Jeff Tweedy Talks About His New Memoir, New Wilco and Touring with Bob Dylan

Jeff Tweedy Talks About His New Memoir, New Wilco and Touring with Bob Dylan
Photo: Whitten Sabbatini
Jeff Tweedy is in Chicago, gearing up for interviews about his wonderfully revealing new memoir, Let's Go (So We Can Get Back), and its companion piece of sorts, a solo album of reflective and infectious new songs called WARM, which comes out November 30. With these things done, he's already contemplating his next move.
 
"I am currently doing some preliminary recording and scouring some of my previous recordings for material for the upcoming Wilco recording sessions," he tells Exclaim!
 
After his pioneering alt-country band Uncle Tupelo broke up suddenly, Tweedy started Wilco in 1994, cementing his status as one of rock's most adventurous musical and lyrical voices. He has given thousands of interviews in that time, and often comes across as a good-humoured intellectual who is open to new ideas and always listening. To music, sure, but also to people and their conditions and how they might relate to his own.
 
In his new memoir, Tweedy chronicles his entire life in a rare feat that feels less self-serving and sensationalistic and more empathetic and instructive.
 
"I will cop to that completely," Tweedy explains. "I feel like that when I do interviews or answer questions from fans after a show. I feel some obligation to be helpful. I feel very, very grateful that I get to do what I get to do with my life, and I think there are aspects of what I do that are consoling in and of themselves. Putting art and things out into the world that you believe are beautiful and doing so with a certain spirit — I think that's helpful.
 
"But consciously thinking that when I was writing the book? I would say yeah, that made it seem worthwhile to write the book to me. That there might be some aspect of anything I'm relating that someone would find a moment of recognition in my life and might lay out a path forward for them"
 
In his liner notes for WARM, writer George Saunders suggests that Tweedy's aesthetic is so specialized, he is less of a singer or songwriter and more of a "consolation poet." There is a sense that Tweedy's audience looks to his music for some relief, and to him for some innate wisdom. But does he learn something about himself from writing his songs?
 
"Yeah, I think that's gotta be the case, because I don't really start out with a lot of intent," he says. "I'm much more trusting of the process and trying to figure out what's gonna happen than someone who sits down and says 'I want to write a song about the solar system' or something."
 
Throughout Let's Go (So We Can Get Back), Tweedy discusses the music and experiences that have shaped him. From buying his first Pilot and Aerosmith singles to begging his parents to get him Public Image Ltd.'s Flowers of Romance for Christmas, only to have his late dad scratch it when yanking the needle off the record in disgust, Tweedy always clamoured for music. He got to see early shows by the Replacements, bought merch off of D. Boon of the Minutemen, and was misled by Dee Dee Ramone.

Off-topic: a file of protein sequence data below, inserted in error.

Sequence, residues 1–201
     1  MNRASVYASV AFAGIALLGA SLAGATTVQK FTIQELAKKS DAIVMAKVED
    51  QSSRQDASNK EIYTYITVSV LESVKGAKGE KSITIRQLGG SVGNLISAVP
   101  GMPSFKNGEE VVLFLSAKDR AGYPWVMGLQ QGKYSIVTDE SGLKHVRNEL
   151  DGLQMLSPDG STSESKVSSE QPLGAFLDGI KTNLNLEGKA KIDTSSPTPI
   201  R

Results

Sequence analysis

He also discusses his encounters with Bob Dylan, who invited Wilco, My Morning Jacket, Richard Thompson and the Grateful Dead's Bob Weir along for his Americanarama package tour in 2013. At its Toronto stop, Dylan invited members of other bands on stage with him and his own band, and you could see the joy in Tweedy's face when the two shook hands before playing together.
 
"It wasn't the first time I'd interacted with him on that tour," Tweedy recalls. "We'd actually said 'hi' to each other, but it was definitely the first time I was invited out on stage, which was kind of amazing, because that was really how that tour was sold to everyone — it was going to be like the Rolling Thunder Revue and there would be a lot of collaboration between all the different entities.
 
"We all did try and do that — Wilco, My Morning Jacket, Richard Thompson and Bob Weir all took that spirit, and were trying to make that work, playing with each other, collaborating and inviting people up to play with us wherever we were," he adds. "I think Feist might have played with us that day too.
 
"Anyway, it didn't quite work out to be exactly what any of us pictured with Dylan, but he did start inviting us out — well, that was the first night. After that, he did have us out for most of the nights on that tour."
 
Let's Go (So We Can Get Back) is available now via Dutton Books.
 
WARM comes out via dBpm Records on November 30.